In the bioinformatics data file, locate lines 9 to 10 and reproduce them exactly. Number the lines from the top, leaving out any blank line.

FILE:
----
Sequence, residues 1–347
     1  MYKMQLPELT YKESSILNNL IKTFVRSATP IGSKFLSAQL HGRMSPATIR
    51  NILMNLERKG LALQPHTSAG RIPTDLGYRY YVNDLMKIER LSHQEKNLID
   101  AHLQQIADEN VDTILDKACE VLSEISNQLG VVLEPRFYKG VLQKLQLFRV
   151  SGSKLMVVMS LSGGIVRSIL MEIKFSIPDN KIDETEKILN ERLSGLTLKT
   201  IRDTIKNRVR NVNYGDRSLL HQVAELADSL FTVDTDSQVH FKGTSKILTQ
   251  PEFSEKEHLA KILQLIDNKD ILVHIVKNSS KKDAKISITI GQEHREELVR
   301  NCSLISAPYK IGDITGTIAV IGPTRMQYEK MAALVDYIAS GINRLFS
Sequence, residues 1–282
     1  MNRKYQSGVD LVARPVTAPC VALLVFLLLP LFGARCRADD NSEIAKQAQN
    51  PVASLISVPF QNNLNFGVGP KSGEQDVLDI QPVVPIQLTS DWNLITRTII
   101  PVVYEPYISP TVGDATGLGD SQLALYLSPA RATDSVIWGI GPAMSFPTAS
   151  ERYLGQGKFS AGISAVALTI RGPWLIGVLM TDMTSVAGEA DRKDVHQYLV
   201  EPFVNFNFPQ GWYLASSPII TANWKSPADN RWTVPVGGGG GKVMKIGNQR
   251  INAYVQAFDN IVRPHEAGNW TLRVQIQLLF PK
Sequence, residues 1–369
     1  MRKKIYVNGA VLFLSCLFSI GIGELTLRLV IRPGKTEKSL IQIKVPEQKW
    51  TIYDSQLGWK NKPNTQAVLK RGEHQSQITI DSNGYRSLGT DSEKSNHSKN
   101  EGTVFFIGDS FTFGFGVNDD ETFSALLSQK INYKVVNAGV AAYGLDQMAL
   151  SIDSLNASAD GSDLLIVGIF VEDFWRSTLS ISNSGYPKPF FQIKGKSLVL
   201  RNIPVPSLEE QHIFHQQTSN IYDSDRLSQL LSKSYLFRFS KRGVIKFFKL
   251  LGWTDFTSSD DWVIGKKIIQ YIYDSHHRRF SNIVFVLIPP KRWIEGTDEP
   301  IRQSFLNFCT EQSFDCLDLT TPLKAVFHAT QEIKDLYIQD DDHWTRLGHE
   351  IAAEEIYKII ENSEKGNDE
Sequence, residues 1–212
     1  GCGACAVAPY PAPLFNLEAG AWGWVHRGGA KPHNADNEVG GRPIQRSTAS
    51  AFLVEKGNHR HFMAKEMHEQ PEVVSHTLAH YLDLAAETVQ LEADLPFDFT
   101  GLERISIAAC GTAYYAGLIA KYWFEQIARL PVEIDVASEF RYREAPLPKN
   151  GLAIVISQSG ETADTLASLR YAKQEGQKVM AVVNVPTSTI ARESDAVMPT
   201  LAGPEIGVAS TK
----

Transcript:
Sequence, residues 1–282
     1  MNRKYQSGVD LVARPVTAPC VALLVFLLLP LFGARCRADD NSEIAKQAQN